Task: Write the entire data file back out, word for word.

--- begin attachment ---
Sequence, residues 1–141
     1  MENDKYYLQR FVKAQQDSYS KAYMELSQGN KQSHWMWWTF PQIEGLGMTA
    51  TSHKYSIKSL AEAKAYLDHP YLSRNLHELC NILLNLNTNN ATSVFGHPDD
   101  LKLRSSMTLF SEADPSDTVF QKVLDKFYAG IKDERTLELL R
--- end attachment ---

Sequence, residues 1–141
     1  MENDKYYLQR FVKAQQDSYS KAYMELSQGN KQSHWMWWTF PQIEGLGMTA
    51  TSHKYSIKSL AEAKAYLDHP YLSRNLHELC NILLNLNTNN ATSVFGHPDD
   101  LKLRSSMTLF SEADPSDTVF QKVLDKFYAG IKDERTLELL R